Infertility Support and Counselling Services

InfertilityGrowing up we experience and learn about the value and sense of fulfillment of having a family and for many we believe that we can create families and children at the time of our biological choosing. The reality is that infertility has been a source of sadness and despair since the earliest times, with stories of the emotional and social struggles of being unable to reproduce appearing throughout history.

Government Canada reported in 2013 that around 16% (or 1 in 6) couples experience infertility and that 30% is attributable to male issues, 40% female, 20% mixed and 10% where no specific cause is initially identified.

Infertility, by definition, is a difficulty in conceiving despite having regular unprotected sex. While there is no definitive cut off period after which a medical professional is able to say a couple is ‘infertile’, statistics suggest that the probability of a couple who have been trying to fall pregnant naturally for more than three years with no success is 25% or less.

Feeling that your body is suddenly working against you can be a very painful realization, and on top of this you may then also be expected to make extremely difficult decisions regarding your future. Should you try again? Or is it time to start thinking of other ways to start a family?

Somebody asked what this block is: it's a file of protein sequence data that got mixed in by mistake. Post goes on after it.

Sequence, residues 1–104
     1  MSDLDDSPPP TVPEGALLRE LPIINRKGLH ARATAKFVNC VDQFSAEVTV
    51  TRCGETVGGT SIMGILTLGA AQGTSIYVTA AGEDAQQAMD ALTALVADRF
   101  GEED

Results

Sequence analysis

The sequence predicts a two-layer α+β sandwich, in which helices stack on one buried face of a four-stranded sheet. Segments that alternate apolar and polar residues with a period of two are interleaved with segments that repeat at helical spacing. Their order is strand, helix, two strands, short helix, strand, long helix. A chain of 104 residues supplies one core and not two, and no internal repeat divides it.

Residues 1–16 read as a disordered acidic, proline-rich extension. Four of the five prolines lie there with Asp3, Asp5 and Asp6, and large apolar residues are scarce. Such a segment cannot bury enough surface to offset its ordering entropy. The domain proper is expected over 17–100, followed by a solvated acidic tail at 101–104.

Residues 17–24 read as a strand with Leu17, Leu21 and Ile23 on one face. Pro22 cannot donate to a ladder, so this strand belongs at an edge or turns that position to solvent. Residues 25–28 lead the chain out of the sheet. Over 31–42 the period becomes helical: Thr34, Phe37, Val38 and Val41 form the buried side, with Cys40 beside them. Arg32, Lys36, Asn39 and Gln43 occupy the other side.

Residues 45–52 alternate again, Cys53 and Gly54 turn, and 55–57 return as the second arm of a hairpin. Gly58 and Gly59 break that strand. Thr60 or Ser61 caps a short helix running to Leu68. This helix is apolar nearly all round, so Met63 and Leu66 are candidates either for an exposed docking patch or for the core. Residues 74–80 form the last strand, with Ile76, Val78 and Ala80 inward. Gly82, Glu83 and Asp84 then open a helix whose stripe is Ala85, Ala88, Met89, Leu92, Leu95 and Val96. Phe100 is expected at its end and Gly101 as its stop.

Research has shown that infertility often has a stressful impact on relationships and can affect a couple’s sex life. The condition is isolating and can impact on how a couple communicate with each other and with the people around them. There can be a profound sense of loss and grief which can impact on closeness.

Infertility can also carry with it a sense of denial with sadness and shock borne individually when pregnancy does not materialize. There can also be feelings of fear, guilt and abandonment from the partner who feels the problem lies with them. Women can feel less feminine and men can feel less masculine in the face of infertility.

Infertility can also put stress on your relationship, with studies showing that couples dealing with infertility are more likely to feel unhappy with themselves and their marriages. It is important to express the feelings of sadness, loss and anger and to have support from people around you who understand your position.

Many clinics offer Infertility Treatment and a number of options to achieve conception. Our counsellors, some who have personal experience of infertility, are here to offer support and guidance, whether you are thinking of, engaged in treatment, or looking to address closure of those attempts.